Ed Thorp: A Man for All Markets

Part 1 

  • Why did you write this book [A Man for All Markets: From Las Vegas to Wall Street, How I Beat the Dealer and the Market]The way I think about things is somewhat different than almost everybody that I meet. And that has been very helpful to me. Maybe I can get that across in this book. That motivated me to tell my story and hopefully do some good for other people. [2:00]

  • I was born in Chicago during The Great Depression. As a kid I went to a bad school. I was interested in science, math, physics, astronomy, electronics and so on. So I started teaching myself. [3:45] 

  • When did you know that you were smarter than other people? I don’t think of myself or other people that way. Everybody is good at something. Any person knows something some other person doesn’t know. I don’t think in those terms. [5:40]

  • You perfected counting cards in blackjack. It is now very common because you wrote the best selling book: Beat the Dealer: A Winning Strategy for the Game of Twenty-OneWhy? Mathematicians had spent a couple hundred years developing probability theory. With the theory they showed almost no gambling game could possibly be beaten. I thought it was a math problem worth telling people the answer to. That is how I got into it. [11:42]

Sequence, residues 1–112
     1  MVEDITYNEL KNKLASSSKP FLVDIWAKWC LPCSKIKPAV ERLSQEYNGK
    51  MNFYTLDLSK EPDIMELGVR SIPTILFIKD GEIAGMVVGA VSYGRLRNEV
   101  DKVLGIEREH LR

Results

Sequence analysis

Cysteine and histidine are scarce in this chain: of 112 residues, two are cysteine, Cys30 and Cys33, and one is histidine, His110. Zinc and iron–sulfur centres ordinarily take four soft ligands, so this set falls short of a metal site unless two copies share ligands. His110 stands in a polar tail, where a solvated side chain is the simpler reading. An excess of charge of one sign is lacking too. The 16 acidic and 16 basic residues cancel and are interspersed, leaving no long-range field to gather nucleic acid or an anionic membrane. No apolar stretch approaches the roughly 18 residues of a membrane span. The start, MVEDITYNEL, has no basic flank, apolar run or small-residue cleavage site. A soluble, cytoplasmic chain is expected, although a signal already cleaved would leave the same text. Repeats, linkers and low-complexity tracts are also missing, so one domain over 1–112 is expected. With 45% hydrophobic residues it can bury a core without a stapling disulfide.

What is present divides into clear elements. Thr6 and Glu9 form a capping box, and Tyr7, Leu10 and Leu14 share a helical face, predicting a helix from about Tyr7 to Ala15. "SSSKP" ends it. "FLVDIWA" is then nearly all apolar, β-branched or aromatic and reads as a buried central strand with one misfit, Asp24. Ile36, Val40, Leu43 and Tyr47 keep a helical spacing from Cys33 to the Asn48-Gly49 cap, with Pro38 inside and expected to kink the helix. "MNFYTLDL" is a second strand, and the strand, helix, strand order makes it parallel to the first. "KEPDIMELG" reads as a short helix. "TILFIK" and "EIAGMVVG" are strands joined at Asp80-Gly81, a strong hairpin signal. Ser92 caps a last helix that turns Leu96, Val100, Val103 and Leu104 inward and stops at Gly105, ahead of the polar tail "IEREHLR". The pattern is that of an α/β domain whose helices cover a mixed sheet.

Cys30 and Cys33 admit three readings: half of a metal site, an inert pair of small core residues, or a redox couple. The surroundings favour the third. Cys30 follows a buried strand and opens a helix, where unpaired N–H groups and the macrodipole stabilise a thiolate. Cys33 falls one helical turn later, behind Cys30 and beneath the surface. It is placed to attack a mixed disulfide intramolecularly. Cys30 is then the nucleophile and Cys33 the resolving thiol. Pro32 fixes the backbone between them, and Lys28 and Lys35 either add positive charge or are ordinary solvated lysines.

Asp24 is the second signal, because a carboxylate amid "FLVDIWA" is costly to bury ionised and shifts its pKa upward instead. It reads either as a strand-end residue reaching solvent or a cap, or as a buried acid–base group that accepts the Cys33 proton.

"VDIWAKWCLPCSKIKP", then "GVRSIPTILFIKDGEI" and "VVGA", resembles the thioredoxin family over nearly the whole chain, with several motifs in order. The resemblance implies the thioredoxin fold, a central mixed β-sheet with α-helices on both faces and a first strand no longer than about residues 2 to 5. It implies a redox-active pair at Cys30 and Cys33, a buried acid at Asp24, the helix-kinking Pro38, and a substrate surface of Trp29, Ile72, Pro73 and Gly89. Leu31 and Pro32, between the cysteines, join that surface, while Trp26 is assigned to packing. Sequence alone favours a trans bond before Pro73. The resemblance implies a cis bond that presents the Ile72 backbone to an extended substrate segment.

• When I was doing most of my playing, Las Vegas was mobbed up. People were being beat up, kicked out, cheated, drinks drugged. I had my drink drugged. They rigged the brakes of my car. I couldn’t stop the car with the brakes. I put on the emergency brake, shifted down, and turned off the key. I got the message. [15:50]

  • How did you go from Las Vegas to Wall Street? For the first time in my life I had some savings. I made some investments. They did terribly. I was an idiot. I had to think about this if I didn’t want to lose money. So I started educating myself about investing.[18:11] 

  • I realized the lessons from gambling was a better training ground for understanding how to be a good investor. That seems surprising since investing is supposedly so complicated. You learn discipline. You learn money management. You learn to compute with numbers and probabilities. [19:00]

  • Paul Wilmot [a quant and author of the book The Money Formula: Dodgy Finance, Pseudo Science, and How Mathematicians Took Over the Markets] said it best. What happened was once the quantitative revolution got started on Wall Street a lot of people with mathematical training, but not a lot of street smart sense, began using models and formulas the didn’t have good thinking behind them. Example: Collateralized Mortgage Obligations. [20:33]

  • Full video: A Man for All Markets Part 1 

Part 2 

  • [While Ed was teaching at UC Irvine] Ralph Girard —the dean of the graduate school — was in investor in Buffett Partners Limited. Buffett Partners Limited was shutting down in 1968. Girard wanted another place to put his money. He invited me to dinner with Warren Buffett. We hit it off. Buffett asked me a bunch of questions and I answered. Girard decided to invest with me. [2:20]